Description: Herpes simplex virus 1 (HSV-1) is a common virus that can rarely invade the human central nervous system (CNS), causing devastating encephalitis. The permissiveness to HSV-1 of the various relevant cell types of the CNS, neurons, astrocytes, oligodendrocytes, and microglia cells, as well as their response to viral infection, has been extensively studied in humans and other animals. Nevertheless, human CNS cell-based models of anti-HSV-1 immunity are of particular importance, as responses to any given neurotropic virus may differ between humans and other animals. Human CNS neuron cell lines as well as primary human CNS neurons, astrocytes, and microglia cells cultured/isolated from embryos or cadavers, have enabled the study of cell-autonomous anti-HSV-1 immunity in vitro. However, the paucity of biological samples and their lack of purity have hindered progress in the field, which furthermore suffers from the absence of testable primary human oligodendrocytes. Recently, the authors have established a human induced pluripotent stem cells (hiPSCs)-based model of anti-HSV-1 immunity in neurons, oligodendrocyte precursor cells, astrocytes, and neural stem cells, which has widened the scope of possible in vitro studies while permitting in-depth explorations. This mini-review summarizes the available data on human primary and iPSC-derived CNS cells for anti-HSV-1 immunity. The hiPSC-mediated study of anti-viral immunity in both healthy individuals and patients with viral encephalitis will be a powerful tool in dissecting the disease pathogenesis of CNS infections with HSV-1 and other neurotropic viruses.
    Keywords: Review ; Hsv-1 ; Cns ; Disease Modeling ; Antiviral Immunity ; Hipscs ; Hse ; Interferons ; Tlr3
    ISSN: 1664-3224
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  • 9
    In: The Journal of Virology, 2009, Vol. 83(16), p.7828
    Description: The Nipah virus (NiV) phosphoprotein (P) gene encodes the C, P, V, and W proteins. P, V, and W, have in common an amino-terminal domain sufficient to bind STAT1, inhibiting its interferon (IFN)-induced tyrosine phosphorylation. P is also essential for RNA-dependent RNA polymerase function. C is encoded by an alternate open reading frame (ORF) within the common amino-terminal domain. Mutations within residues 81 to 113 of P impaired its polymerase cofactor function, as assessed by a minireplicon assay, but these mutants retained STAT1 inhibitory function. Mutations within the residue 114 to 140 region were identified that abrogated interaction with and inhibition of STAT1 by P, V, and W without disrupting P polymerase cofactor function. Recombinant NiVs were then generated. A G121E mutation, which abrogated inhibition of STAT1, was introduced into a C protein knockout background (C(ko)) because the mutation would otherwise also alter the overlapping C ORF. In cell culture, relative to the wild-type virus, the C(ko) mutation proved attenuating but the G121E mutant virus replicated identically to the C(ko) virus. In cells infected with the wild-type and C(ko) viruses, STAT1 was nuclear despite the absence of tyrosine phosphorylation. This latter observation mirrors what has been seen in cells expressing NiV W. In the G121E mutant virus-infected cells, STAT1 was not phosphorylated and was cytoplasmic in the absence of IFN stimulation but became tyrosine phosphorylated and nuclear following IFN addition. These data demonstrate that the gene for NiV P encodes functions that sequester inactive STAT1 in the nucleus, preventing its activation and suggest that the W protein is the dominant inhibitor of STAT1 in NiV-infected cells.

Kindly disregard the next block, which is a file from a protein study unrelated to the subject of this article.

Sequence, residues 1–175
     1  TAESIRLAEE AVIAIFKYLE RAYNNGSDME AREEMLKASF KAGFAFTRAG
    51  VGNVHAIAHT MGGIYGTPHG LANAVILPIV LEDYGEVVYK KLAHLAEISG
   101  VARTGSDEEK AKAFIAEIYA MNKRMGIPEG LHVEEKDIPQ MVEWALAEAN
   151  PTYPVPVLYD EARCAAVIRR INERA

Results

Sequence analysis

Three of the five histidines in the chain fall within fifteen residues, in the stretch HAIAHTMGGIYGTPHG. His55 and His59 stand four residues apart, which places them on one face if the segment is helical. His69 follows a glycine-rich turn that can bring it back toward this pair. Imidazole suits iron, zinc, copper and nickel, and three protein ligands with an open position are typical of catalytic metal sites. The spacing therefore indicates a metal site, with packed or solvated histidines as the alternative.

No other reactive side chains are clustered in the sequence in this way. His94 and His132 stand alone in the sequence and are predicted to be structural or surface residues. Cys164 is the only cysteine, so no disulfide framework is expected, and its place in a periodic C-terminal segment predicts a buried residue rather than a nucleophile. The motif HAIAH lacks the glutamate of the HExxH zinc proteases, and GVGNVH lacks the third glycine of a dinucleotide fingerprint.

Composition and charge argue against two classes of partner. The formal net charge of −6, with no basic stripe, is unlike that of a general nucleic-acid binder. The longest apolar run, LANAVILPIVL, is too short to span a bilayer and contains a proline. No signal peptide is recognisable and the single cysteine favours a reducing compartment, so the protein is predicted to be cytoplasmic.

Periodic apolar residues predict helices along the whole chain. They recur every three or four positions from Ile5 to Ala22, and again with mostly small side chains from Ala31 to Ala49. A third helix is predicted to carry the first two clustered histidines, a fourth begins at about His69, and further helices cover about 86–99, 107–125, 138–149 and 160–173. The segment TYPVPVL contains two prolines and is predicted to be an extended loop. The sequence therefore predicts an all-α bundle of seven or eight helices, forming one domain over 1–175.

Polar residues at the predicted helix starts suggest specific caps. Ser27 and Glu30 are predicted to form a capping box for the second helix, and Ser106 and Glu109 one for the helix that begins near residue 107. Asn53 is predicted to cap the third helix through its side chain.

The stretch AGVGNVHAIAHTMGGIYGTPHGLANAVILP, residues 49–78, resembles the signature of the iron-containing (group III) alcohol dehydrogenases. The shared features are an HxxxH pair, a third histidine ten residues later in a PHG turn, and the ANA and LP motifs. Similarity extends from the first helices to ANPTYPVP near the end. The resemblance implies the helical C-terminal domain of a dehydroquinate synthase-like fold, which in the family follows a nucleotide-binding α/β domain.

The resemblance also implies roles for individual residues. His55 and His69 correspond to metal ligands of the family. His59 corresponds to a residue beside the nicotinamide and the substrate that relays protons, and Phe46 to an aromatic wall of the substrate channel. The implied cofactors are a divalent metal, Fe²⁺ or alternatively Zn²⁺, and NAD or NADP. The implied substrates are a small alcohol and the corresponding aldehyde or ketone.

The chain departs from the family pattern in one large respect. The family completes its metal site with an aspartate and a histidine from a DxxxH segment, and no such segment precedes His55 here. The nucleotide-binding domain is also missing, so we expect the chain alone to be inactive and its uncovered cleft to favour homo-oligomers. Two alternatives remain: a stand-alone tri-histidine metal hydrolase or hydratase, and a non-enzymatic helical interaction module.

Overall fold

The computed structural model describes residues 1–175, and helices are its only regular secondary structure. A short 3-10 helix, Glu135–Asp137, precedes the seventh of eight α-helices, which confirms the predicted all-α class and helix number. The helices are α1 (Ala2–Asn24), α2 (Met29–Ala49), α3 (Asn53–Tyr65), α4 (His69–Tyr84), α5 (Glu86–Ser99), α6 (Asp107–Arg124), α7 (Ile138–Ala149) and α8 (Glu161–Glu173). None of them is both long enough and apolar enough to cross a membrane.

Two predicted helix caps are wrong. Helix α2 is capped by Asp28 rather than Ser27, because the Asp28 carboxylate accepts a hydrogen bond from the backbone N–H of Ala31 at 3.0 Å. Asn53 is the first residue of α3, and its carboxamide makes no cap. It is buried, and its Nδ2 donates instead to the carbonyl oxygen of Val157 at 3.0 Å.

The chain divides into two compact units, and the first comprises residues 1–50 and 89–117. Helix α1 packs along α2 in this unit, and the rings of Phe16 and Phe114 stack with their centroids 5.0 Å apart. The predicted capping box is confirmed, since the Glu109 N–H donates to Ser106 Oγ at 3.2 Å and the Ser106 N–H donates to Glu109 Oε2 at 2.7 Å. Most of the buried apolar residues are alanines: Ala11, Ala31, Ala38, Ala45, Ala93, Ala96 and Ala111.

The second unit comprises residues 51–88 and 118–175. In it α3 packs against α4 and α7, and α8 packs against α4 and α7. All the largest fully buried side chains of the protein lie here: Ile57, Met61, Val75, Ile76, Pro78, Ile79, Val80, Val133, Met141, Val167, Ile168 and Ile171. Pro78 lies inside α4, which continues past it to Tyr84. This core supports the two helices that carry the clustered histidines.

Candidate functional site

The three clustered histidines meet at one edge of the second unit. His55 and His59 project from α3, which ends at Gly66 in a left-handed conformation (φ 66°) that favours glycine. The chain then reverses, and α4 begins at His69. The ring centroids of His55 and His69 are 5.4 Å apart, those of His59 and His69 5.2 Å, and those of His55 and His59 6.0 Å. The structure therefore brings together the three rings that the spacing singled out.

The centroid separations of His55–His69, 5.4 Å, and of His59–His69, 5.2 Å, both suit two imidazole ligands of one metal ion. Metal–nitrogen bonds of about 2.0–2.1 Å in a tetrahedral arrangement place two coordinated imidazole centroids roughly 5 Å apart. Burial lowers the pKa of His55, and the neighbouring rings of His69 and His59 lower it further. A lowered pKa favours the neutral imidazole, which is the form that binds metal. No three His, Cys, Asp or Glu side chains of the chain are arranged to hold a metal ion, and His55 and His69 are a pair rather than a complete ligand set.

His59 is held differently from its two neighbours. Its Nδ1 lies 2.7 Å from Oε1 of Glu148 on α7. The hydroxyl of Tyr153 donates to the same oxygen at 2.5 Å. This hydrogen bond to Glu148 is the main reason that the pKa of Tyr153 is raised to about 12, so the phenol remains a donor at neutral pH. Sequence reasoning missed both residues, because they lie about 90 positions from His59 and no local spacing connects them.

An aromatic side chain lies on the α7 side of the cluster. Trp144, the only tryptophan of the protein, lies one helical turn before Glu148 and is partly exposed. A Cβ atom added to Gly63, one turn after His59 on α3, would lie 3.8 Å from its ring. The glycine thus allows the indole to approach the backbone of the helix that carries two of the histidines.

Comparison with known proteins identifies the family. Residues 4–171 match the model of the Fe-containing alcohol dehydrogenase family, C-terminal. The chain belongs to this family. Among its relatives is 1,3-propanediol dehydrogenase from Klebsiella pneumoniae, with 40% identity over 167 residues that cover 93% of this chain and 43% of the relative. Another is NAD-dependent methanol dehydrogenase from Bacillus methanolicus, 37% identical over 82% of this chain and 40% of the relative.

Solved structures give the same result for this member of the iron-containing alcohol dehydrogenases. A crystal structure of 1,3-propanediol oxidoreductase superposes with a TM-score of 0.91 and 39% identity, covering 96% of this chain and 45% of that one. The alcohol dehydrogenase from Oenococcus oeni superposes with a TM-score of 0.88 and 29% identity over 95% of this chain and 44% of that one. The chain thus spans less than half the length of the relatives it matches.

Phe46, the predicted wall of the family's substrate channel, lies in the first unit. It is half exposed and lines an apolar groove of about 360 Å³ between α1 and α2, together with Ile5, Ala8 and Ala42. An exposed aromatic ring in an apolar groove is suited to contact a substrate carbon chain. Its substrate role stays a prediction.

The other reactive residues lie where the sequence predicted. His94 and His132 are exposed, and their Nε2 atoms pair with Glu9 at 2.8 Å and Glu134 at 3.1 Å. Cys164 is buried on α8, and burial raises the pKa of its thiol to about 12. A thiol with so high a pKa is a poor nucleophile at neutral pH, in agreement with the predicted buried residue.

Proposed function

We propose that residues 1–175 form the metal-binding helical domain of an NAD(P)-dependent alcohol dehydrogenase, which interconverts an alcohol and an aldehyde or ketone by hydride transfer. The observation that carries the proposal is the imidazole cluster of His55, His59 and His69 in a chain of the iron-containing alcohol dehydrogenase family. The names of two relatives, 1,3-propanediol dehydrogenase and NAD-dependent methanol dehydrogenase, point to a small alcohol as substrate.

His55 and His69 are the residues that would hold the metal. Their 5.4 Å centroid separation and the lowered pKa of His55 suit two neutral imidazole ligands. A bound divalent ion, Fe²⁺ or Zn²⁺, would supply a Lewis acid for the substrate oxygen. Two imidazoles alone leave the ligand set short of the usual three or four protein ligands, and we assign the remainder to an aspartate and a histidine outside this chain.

Keywords: Cell Nucleus -- Metabolism ; Henipavirus Infections -- Metabolism ; Nipah Virus -- Metabolism ; Phosphoproteins -- Metabolism ; Stat1 Transcription Factor -- Metabolism ; Viral Proteins -- Metabolism ; Viral Structural Proteins -- Metabolism;
    ISSN: 0022-538X
    ISSN: 0022538X
    E-ISSN: 10985514
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  • 10
    Language: English
    In: Cell, 22 February 2018, Vol.172(5), pp.952-965.e18
    Description: Viruses that are typically benign sometimes invade the brainstem in otherwise healthy children. We report bi-allelic mutations in unrelated patients from different ethnicities, each of whom had brainstem infection due to herpes simplex virus 1 (HSV1), influenza virus, or norovirus. encodes the only known RNA lariat debranching enzyme. We show that expression is ubiquitous, but strongest in the spinal cord and brainstem. We also show that all mutant alleles are severely hypomorphic, in terms of expression and function. The fibroblasts of -mutated patients contain higher RNA lariat levels than control cells, this difference becoming even more marked during HSV1 infection. Finally, we show that the patients’ fibroblasts are highly susceptible to HSV1. RNA lariat accumulation and viral susceptibility are rescued by wild-type . Autosomal recessive, partial DBR1 deficiency underlies viral infection of the brainstem in humans through the disruption of tissue-specific and cell-intrinsic immunity to viruses. Autosomal recessive deficiency underlies a cellular accumulation of RNA lariats, resulting in patient susceptibility to severe viral infections of the brainstem.
    Keywords: Dbr1 ; RNA Lariat Debranching ; Viral Encephalitis ; Brainstem ; Biology
    ISSN: 0092-8674
    E-ISSN: 1097-4172